Tuesday, 9 December 2014

Meek girls, brave boys and school books.

In this (hopefully..) short post I would like to present to you what I discovered in India, while helping my little neighbor with his homework. 

Before I tell you how shocked I was with his books, let's talk about one word that is sending shock waves around the globe. GENDER. (I hope you know how shocking the concept of gender is in some parts of this world)

In case you are one of those people who believe that studies about gender are dangerous to traditional family structure and really the society as we know it, let me tell you few fun facts. 
  • Gender studies don't claim that men and women are biologically the same. No, we all know women have vaginas, men have penises. 
  • Gender studies don't encourage kids to become gay or transgender. No, they promote acceptance and equality of all sexual orientations or genders. 
  • Gender studies don't encourage erasing traditions or cultures, unless misogyny and patriarchy is the main theme in any given culture. 
The end of fun facts, hope you're not blown away by those revelations. Oh, and no, moaning about gender bias doesn't mean that leftists are plotting to replace patriarchy with matriarchy. We're just trying to be friends here, ok? 

Let's get back to India now. So, my 8 year old friend came to me few times to seek help with his homework (kids in India have a loooooottt of homework!). While helping him with his English I noticed something strange about his books (he had 7 of them just for one semester... thank god I didn't grow up there). 

His books were full of stories about amazing men. I mean it, great role models like Edmund Hillary and Tenzing Norgay - first people to climb Mount Everest. Other examples weren't any less amazing, my young neighbor would read about great sportsmen, politicians, historical (male) figures or soldiers. This way authors of his books were teaching him about perseverance, power of motivation, hard work and strength of character.  What strikes me the most was huge disproportion in stories about men and women. In fact, initially I had an impression that women are virtually absent from his textbooks.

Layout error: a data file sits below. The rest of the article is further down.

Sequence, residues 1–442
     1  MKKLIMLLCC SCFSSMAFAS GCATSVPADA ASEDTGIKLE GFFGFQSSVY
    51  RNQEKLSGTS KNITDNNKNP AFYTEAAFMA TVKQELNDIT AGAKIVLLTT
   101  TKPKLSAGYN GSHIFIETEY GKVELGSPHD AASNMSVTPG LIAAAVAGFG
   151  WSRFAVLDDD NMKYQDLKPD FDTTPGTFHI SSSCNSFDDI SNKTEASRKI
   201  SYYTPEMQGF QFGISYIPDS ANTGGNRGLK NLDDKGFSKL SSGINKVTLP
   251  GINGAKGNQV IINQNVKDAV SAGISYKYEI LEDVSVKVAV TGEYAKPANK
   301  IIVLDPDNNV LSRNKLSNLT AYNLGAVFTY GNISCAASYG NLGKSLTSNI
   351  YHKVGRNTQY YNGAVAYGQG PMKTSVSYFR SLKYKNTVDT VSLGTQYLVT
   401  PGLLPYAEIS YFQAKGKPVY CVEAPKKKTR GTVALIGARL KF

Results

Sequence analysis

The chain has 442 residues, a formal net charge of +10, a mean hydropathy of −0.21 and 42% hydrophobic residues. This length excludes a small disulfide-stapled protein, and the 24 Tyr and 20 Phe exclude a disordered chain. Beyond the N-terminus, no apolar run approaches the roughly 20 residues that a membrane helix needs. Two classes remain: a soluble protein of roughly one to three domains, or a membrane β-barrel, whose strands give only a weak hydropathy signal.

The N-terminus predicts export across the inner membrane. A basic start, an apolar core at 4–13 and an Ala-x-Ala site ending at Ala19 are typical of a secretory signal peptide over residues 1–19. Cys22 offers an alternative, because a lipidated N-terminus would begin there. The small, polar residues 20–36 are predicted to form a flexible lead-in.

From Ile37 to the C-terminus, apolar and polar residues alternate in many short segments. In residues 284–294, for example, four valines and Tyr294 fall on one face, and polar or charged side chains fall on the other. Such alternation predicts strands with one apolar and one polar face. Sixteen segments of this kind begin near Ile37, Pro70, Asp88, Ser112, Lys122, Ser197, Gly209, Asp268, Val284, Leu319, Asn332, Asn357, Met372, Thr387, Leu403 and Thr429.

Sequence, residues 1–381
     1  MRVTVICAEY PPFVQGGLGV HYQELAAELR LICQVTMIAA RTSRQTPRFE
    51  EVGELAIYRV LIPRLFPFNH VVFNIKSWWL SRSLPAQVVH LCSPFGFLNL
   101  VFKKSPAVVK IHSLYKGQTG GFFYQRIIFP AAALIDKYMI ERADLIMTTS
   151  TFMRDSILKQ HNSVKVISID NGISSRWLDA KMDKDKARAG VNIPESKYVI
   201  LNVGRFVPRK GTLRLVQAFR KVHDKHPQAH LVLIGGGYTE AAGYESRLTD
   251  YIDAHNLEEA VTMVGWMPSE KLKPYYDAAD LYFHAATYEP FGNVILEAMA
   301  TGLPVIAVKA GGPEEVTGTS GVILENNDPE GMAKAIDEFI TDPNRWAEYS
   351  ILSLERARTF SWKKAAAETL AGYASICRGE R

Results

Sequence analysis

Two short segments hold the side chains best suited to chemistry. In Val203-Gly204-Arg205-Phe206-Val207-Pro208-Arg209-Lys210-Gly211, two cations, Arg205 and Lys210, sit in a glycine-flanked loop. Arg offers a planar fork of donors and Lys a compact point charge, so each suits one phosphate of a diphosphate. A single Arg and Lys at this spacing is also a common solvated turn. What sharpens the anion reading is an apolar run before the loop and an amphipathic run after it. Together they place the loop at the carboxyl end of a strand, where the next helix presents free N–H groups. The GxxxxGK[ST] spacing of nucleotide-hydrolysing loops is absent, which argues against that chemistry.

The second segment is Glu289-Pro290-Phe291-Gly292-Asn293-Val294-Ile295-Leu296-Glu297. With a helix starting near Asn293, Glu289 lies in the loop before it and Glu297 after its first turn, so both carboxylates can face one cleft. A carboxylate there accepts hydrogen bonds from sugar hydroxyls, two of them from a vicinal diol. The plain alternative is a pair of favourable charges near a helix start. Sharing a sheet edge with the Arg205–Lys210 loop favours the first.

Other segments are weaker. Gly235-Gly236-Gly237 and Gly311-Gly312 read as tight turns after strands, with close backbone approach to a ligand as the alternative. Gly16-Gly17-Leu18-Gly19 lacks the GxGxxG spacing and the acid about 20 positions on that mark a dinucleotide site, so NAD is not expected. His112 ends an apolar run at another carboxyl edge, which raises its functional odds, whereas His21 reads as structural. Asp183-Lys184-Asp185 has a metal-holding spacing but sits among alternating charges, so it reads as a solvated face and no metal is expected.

My boyfriend thought at first I'm over reacting, since I'm thinking about feminism and gender all the time... So I sat down with him, looked through every single page of each and every text book to count how many times women appear in those 7 books. 

Before I share with you what I found, let me tell you how I explained to my boyfriend why do I think it's important for children to have more balanced proportion of women and men in stories that they read. 

If human understanding of gender was universal, males and females (because obviously, according to most traditions other genders don't exist) in all cultures, throughout the history would behave in exact same way. That's simply not the case. That may lead you to think that biological sex is not necessarily a determinant of human behavior or traits of character. Gender roles are built into us not by nature, but by society that works very hard since the day we're born to socialize us into certain norms, including behaviors traditionally appropriate for our sex. 


School, teachers and textbooks are powerful agents to enforce social norms. Children at school are told what is expected of them as boys/girls and any deviation from this norm is noticed and might be even punished. Boys behaving loudly is just "boys are always so hyperactive" while girls behaving loudly is lack of good manners. Girls are those quiet, meticulous students who work hard to have good grades. Boys are disruptive, lazy, unable to focus creatures who get good marks not because they spend their evenings studying, but because they're simply clever. 

School books that I had a doubtful pleasure of reading show sexes in two opposing ways, if they show two sexes at all. Boys are those full human beings, with interests, ambitions, determination and curiosity for the world. Where as girls are shown as domestic, quiet, calm, meek, subservient. It worries me that girls and boys in my neighbors class will grow up with such stereotypical views about women. This kind of books are teaching children about notions of masculinity and femininity as two opposite poles. 

If you look at social problems faced by Indian society today you will see that many of them (like rape or domestic violence) are somehow connected to stereotypical understanding of gender roles. Boys are brought up by mothers who are grateful to have a son. Boys are given a lot of freedom and are made to believe they are the boss who orders and expects. Girls on the other hand grow up hearing that god cursed their family by giving them a girl. They are brought up to be "good girls",  quiet, shy, ready to serve, cook well, make great tea and in general be a good material for a wife. Obviously there are great examples of girls being brought up to be strong, empowered beings too, but those are more of exceptions from the rule and happen usually among higher (and richer) classes (we don't believe in casts anymore, right? :P ). 

In all 7 books, full of different stories I found, to be exact, TWO stories where women had the stage for themselves. I also took some very bad quality pictures of every single depiction of woman. 

The first story about a women that I stumbled upon was this one. The lady in pink sari is a protagonist in a story about bravery. YUPII!!